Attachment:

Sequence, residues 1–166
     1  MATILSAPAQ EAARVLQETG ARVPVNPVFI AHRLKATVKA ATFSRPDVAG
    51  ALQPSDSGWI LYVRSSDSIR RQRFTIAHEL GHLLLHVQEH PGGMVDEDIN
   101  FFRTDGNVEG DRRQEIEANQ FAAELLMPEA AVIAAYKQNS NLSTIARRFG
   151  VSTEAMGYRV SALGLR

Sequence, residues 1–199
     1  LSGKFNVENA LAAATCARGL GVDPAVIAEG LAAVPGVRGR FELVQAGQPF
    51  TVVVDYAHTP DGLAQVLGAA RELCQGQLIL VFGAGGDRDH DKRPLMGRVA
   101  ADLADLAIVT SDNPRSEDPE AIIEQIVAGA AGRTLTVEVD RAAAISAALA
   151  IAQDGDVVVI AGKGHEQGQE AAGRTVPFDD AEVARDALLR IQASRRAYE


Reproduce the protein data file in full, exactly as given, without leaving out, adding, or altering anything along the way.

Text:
Sequence, residues 1–166
     1  MATILSAPAQ EAARVLQETG ARVPVNPVFI AHRLKATVKA ATFSRPDVAG
    51  ALQPSDSGWI LYVRSSDSIR RQRFTIAHEL GHLLLHVQEH PGGMVDEDIN
   101  FFRTDGNVEG DRRQEIEANQ FAAELLMPEA AVIAAYKQNS NLSTIARRFG
   151  VSTEAMGYRV SALGLR

Sequence, residues 1–199
     1  LSGKFNVENA LAAATCARGL GVDPAVIAEG LAAVPGVRGR FELVQAGQPF
    51  TVVVDYAHTP DGLAQVLGAA RELCQGQLIL VFGAGGDRDH DKRPLMGRVA
   101  ADLADLAIVT SDNPRSEDPE AIIEQIVAGA AGRTLTVEVD RAAAISAALA
   151  IAQDGDVVVI AGKGHEQGQE AAGRTVPFDD AEVARDALLR IQASRRAYE